Bringing Gardens into the 21st Century

Greenhouses that Create an Exciting Mixture of Technology and Nature

When I imagine a garden, I think of a small plot of land strewn with tools and covered with soil. I think of getting my hands dirty in a place that is a refuge from my normal life filled with computers and technology. One organization, however, does not see gardens this way. Instead, they see the opportunity to integrate new technological methods into age old gardening techniques.

New York Sun Works promotes urban sustainability through science education. Their initial project was The Science Barge, an urban sustainable farm that grows farm using only alternative energies. Its goal is to educate the public about issues of sustainability and inspire people to think about more efficient ways to use energy, especially in the city. Since 2007, over 3000 New York City students have visited the barge. The video below shows the work that the science barge does.

The Science Barge in Yonkers, NY, AIDG Flickr/Creative Commons

The Science Barge is currently owned by Groundwork Hudson Valley and is located in Yonkers, NY, while New York Sun Works has moved on to something new: The Greenhouse Project. The Greenhouse Project is an initiative to teach students about health and nutrition through the construction of hydroponic greenhouse labs. The greenhouses constructed by New York Sun Works house the newest technologies in sustainable urban agriculture, including rainwater harvesting systems, solar panels, compost stations, vertical vine crop systems, aquaponics systems, and more.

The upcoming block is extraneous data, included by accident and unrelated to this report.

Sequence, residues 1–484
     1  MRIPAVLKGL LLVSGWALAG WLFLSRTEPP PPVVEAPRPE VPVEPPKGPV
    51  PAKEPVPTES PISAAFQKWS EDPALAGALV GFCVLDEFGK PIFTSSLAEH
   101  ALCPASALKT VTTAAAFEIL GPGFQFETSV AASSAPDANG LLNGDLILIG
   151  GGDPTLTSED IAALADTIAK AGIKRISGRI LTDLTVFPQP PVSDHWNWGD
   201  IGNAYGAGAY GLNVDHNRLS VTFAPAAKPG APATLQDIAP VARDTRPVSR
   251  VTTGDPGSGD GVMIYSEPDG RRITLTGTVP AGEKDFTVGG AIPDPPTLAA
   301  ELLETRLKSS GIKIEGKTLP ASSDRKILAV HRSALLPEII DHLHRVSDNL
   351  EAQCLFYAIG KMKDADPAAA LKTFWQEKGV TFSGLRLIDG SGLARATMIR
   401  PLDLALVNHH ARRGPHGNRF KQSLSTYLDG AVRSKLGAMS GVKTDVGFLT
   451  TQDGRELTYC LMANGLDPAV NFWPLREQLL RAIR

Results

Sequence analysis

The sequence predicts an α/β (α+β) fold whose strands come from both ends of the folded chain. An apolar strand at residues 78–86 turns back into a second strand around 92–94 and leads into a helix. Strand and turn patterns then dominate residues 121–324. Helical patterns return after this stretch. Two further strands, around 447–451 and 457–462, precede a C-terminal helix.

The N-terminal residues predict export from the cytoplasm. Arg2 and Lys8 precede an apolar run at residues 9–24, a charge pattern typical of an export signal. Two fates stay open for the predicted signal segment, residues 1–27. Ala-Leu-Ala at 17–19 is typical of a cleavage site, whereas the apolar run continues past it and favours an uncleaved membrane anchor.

The first greenhouse was built at the Manhattan School for Children. MSC is a public school on the Upper West Side started by several parents in the neighborhood.  In keeping with the tradition of parent involvement, the Greenhouse Project at MSC was started by a small group of parents who were inspired by the Science Barge. The 1,420 square foot greenhouse grows about 8,000 pounds of produce a year, including cucumbers, strawberries, lettuce, tomatoes, peppers, eggplants, and squash. The vegetables are grown through a hydroponic system, which does not require soil and uses less water than traditional growing methods. Instead of pesticides, the greenhouse uses insects such as ladybugs to protect plants from pests. The greenhouse functions as both a classroom and a garden. When I first walked into the garden, I immediately saw two large rain-water collection barrels, hundreds of plants, and a large tank full of water in the center of the room. When I looked more closely, however, I also noticed a Smart board, desks and chairs, and student made posters and artwork throughout the greenhouse.

Rain-water harvesting tank at the Manhattan School for Children

Shakira Castronovo, the elementary school science teacher at MSC became the garden and nutrition teacher as soon as the greenhouse was built. While she was not as involved as the parents in building the facility, she says it was always assumed that she would take over the curriculum instruction surrounding the greenhouse once it was built. And that she did – she currently is responsible for the care of the greenhouse, as well as teaching science to students in kindergarten through 5th grade. Castronovo uses the NYC science curriculum standards and attempts to teach each standard through work in the greenhouse. For example, one of the kindergarten standards is making observations about properties. The students are learning this skill by observing the different types of herbs growing in the garden. The fifth grade, on the other hand, uses the aquaponics tank, which contains fish, insects, and plants, to learn about ecosystems.